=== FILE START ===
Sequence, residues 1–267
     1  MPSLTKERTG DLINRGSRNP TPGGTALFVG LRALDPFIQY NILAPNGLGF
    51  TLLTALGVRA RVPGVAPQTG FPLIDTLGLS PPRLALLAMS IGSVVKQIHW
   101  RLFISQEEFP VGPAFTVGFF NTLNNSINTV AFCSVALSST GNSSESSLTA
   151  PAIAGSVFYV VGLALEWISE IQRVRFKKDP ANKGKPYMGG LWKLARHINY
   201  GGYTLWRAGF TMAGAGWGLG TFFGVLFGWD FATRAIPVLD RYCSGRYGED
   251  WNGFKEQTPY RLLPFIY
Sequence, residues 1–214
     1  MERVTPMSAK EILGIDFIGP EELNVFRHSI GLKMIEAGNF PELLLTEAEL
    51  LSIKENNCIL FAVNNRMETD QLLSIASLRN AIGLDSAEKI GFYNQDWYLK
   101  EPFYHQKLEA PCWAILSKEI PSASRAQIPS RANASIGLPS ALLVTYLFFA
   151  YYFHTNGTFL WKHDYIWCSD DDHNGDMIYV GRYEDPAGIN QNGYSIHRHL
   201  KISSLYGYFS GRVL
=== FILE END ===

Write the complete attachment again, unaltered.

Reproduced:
Sequence, residues 1–267
     1  MPSLTKERTG DLINRGSRNP TPGGTALFVG LRALDPFIQY NILAPNGLGF
    51  TLLTALGVRA RVPGVAPQTG FPLIDTLGLS PPRLALLAMS IGSVVKQIHW
   101  RLFISQEEFP VGPAFTVGFF NTLNNSINTV AFCSVALSST GNSSESSLTA
   151  PAIAGSVFYV VGLALEWISE IQRVRFKKDP ANKGKPYMGG LWKLARHINY
   201  GGYTLWRAGF TMAGAGWGLG TFFGVLFGWD FATRAIPVLD RYCSGRYGED
   251  WNGFKEQTPY RLLPFIY
Sequence, residues 1–214
     1  MERVTPMSAK EILGIDFIGP EELNVFRHSI GLKMIEAGNF PELLLTEAEL
    51  LSIKENNCIL FAVNNRMETD QLLSIASLRN AIGLDSAEKI GFYNQDWYLK
   101  EPFYHQKLEA PCWAILSKEI PSASRAQIPS RANASIGLPS ALLVTYLFFA
   151  YYFHTNGTFL WKHDYIWCSD DDHNGDMIYV GRYEDPAGIN QNGYSIHRHL
   201  KISSLYGYFS GRVL